Rose Redd: Girl In A Cafe – single review
Teenage singer songwriter, Rose Redd releases her new single. Louder Than War’s Paul Scott-Bates reviews.
Influenced by the likes of Kate Bush and Martin Gore, Rose Redd is an observationist lyricist which is hard to find these days. Taking an everyday scene and describing every movement, sound and smell so precisely that you could almost have been there is a talent that can only be given at birth. The new single Girl In A Café sets the scene for a waiting game by, well, a girl in a café.
Unfortunately, nice lyrics a song does not make. The pride taken in the expressive words are slightly overshadowed by a weak instrumental backing which is ordinary and predictable. The performance by Redd, whilst she undoubtedly has a voice that is capable of great things, is under par.
It’s a shame because as a nineteen year old solo artist she is brave and unquestionably talented. Producer Gavin Monaghan (Editors, Robert Plant) claims she is “an artist who effortlessly transcends genres” and that is great praise indeed, so maybe there are better things to come from Rose.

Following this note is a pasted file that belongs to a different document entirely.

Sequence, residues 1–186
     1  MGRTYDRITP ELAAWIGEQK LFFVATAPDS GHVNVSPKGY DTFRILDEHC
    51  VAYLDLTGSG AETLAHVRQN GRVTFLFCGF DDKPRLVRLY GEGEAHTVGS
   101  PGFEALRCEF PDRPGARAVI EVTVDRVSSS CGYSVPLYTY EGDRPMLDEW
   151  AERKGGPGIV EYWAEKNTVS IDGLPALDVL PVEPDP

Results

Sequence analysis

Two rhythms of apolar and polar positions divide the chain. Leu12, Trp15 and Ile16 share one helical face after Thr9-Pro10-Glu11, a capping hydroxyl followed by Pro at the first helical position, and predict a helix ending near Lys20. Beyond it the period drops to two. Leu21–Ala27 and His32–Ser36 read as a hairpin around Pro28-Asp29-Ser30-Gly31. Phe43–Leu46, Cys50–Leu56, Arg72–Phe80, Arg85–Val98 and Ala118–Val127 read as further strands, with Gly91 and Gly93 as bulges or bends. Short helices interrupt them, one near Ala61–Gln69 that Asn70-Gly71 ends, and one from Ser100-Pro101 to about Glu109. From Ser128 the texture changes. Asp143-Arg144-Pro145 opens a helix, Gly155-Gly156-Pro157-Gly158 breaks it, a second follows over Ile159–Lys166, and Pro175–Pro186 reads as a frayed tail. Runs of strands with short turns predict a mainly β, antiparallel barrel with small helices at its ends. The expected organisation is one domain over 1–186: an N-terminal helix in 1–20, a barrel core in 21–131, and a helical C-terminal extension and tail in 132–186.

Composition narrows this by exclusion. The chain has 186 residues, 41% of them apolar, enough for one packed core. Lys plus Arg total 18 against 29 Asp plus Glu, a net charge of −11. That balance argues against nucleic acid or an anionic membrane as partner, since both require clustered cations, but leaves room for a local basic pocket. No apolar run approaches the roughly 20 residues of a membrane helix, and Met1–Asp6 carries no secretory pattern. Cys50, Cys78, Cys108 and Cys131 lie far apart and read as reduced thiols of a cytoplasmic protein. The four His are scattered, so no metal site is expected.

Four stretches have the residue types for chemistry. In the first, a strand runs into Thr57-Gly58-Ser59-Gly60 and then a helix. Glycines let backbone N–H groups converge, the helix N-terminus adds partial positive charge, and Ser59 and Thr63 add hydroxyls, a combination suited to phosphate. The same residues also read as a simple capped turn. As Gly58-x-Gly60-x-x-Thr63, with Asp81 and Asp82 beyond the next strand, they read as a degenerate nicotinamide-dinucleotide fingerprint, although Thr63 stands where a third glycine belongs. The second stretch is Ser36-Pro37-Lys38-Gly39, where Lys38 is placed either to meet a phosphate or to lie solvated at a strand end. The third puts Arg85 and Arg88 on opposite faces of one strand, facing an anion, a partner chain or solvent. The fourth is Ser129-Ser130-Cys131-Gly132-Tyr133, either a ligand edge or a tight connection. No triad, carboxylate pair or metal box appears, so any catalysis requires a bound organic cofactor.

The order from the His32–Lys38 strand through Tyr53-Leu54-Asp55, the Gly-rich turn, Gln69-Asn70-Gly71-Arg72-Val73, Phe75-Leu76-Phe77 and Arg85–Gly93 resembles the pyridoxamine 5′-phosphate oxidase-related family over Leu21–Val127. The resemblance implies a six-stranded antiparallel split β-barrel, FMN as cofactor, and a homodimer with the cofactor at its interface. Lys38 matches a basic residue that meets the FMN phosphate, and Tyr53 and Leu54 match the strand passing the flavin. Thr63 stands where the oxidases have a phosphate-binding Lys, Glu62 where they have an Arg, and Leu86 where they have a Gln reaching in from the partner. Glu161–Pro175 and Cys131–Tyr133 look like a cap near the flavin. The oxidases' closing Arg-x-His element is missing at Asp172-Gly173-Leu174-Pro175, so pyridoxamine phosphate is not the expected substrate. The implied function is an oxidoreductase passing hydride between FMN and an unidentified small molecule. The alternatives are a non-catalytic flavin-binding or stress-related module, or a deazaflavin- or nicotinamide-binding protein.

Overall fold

It’s also uncertain whether a song like Girl In A Café is suited to a British audience. An American audience would (wrongly) call this modern R&B or Soul and maybe they would embrace this single and buy it in their droves. Perfectly Useless, her rock-dance single from 2013 is maybe where she should head for the time being as the style suits her better, but in the meantime Girl In A Café is close but no cigar.
All words by Paul Scott-Bates. More of Paul’s writing on Louder Than War can be found here. Paul’s website is hiapop Blog. Paul is working hard to save Radio Lancashire’s On The Wire, the BBCs longest running alternative music programme. Follow him on twitter as @saveonthewire for all On The Wire news or follow hiapop Blog on Twitter, @hiapop.